A TREMENDOUS DAY! #bostonstrong

Attending the anti-Nazi demonstration in Boston was an event I won’t soon forget. The day began really well, with a fantastic interview of our GMG podcast guests, the playwright Israel Horovitz, and Gloucester Stage Company’s Heidi Dallin and Emme Shaw. Israel fills the room with his stories and Joey knows how to bring out the best of them. After the podcast, I stopped home and had a quick lunch with Jessica while getting kisses in for our granddaughter (and return smiles!). Jessica, Tom, and I discussed transportation strategies for attending the demonstration. The Blueline was decided upon, which as it turns out was so easy, I would take this route again without hesitation. It only took forty-five minutes to drive to Wonderland Station in Revere and parking is free on the weekends.

I am unfamiliar with purchasing train tickets from a machine and rather than holding up the other passengers, I suggested to the woman next in line that she go first. She laughed and said she would help. She was a woman of color, a beautiful brown color, and within moments I had my Charlie card. This was the first of several incidences of needing assistance throughout the afternoon. The train pulled into the station and off we headed to Government Center.

Disembarking from the train and entering the plaza, the streets were so quiet you would never know that only a few blocks away were throngs of thousands. There were tourists with cameras, families and young couples mostly, sightseeing and photographing. The walk from Government Center Plaza to the State House is rich in American history, and there were even tourists on the Common, seemingly unfazed by the demonstration underway.

At the State House entrance to the Commons, you could see tens of thousands counter protesters rallying, carrying signs, and chanting anti-hate and anti-fascist slogans. I am frankly not a person who feels safe in large crowds. But I have faced my fear twice this year, once for the Women’s March and yesterday, because I wanted to go to this demonstration for no other reason than to be one of a hundred million people-strong looking clearly into the eye of fascism to say, you will never gain power in America.

I held my breath and walked into the crowd. Along the criss-crossing paths of the Common were people of all ages and colors, in small groups and large, holding handmade signs and talking about their vision for America. My fear of crowds began to lessen, and at one point a young man, also of a beautiful brown color, lent me his hand so that I could stand on a bench to take a photo.

As I headed deeper into the crowd, a scuffle suddenly broke out. I was quickly caught in a rush of people and as I struggled to get out of the way, an older couple, also of beautiful brown colors, pulled me towards them. They were standing under a tree and instructed do not run, but “stand beneath this tree with us.” After a few minutes, the fighting ceased and we made our way together out of the center of the Commons.

Along Beacon Street, which was closed to traffic, there seemed to be a police headquarters of sort. This was also where the largest group of counter protesters had gathered. They had a megaphone and were leading the crowd in chants — “Black Lives Matter,” “No Trump, No KKK, No Fascist USA, and “Whose streets? Our streets.” In repeated situations of high tension and raw emotions, the police kept their cool, handling haters and troublemakers with clarity of strategy and with lightning speed.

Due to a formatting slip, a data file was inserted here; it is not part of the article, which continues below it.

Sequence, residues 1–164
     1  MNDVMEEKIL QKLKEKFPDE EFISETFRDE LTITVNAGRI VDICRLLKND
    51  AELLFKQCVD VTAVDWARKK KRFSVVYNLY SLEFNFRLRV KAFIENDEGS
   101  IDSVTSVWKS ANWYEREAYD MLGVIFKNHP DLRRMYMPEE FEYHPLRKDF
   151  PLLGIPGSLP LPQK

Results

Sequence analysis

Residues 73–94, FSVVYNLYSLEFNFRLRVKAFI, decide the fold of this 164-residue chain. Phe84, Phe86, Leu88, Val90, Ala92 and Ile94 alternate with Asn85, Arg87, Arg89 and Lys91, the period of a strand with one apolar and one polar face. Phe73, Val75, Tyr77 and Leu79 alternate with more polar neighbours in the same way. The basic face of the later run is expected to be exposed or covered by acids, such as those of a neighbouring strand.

I left the rally at three o’clock and saw news footage taken later in the day, of police and counter protesters together chanting anti-hate slogans. I have to say I am so tremendously proud of the people of Massachusetts for coming together to protest peacefully for the love of their fellow man and humanity for all. #bostonstrong.I overheard this man say that he stitched his flag together the night before the protest, with no prior sewing experience.

More photos here.

BOSTON’S RAINBOW COALITION KICKS NAZI BUTTS

Forty thousand anti-Nazi demonstrators sent John Medlar and his cowardly band of fascists packing, after only one hour into what was meant to be a five-hour rally. The throngs of anti-white supremacy demonstrators gathered on the Boston Common was made of a diverse coalition. The great majority were there to protest peacefully.

The man in the red shirt getting arrested.

There were heated moments, with approximately two dozen arrests, but the well-prepared and cool heads of Boston Police officers prevailed.

The counter protesters completely eclipsed the fascists.

Hate groups are not welcome in Boston.

Chants such as “Black Lives Matter,” “Whose streets? Our streets,” and “No Trump, No KKK, No Fascist USA.” rang loud and clear throughout the Boston Common.

Led by Commissioner William Evans, the Boston Police presence was tremendous. #bostonstrong

Bas-relief of Robert Gould Shaw and the Massachusetts 54th Regiment marching down Beacon Street, located on the Boston Common, opposite the State House. The Massachusetts 54th Volunteer Infantry was the first documented African American regiment formed in the north, in 1863. Bronze bas-relief by Augustus Saint-Gaudens.

 

BOSTON STRONG, BOSTON BEAUTIFUL, BOSTON WOMEN’S MARCH!

boston-womens-march-gloucester-contingent-copyright-kim-smithboston-womens-march-jason-sarah-matilda-grow-copyright-kim-smithThe day started with a wonderful chance meet up with Gloucester students and the Grow and Abrams-Dowd family. Thanks to both families for their kindness; I so enjoyed the train ride into town with Bo, Sarah, and Jason. We were amongst the early birds arriving on the scene and it was tremendously exciting to see the preparations underway and the crowd swelling in number throughout the morning.boston-womens-march-1-copyright-kim-smith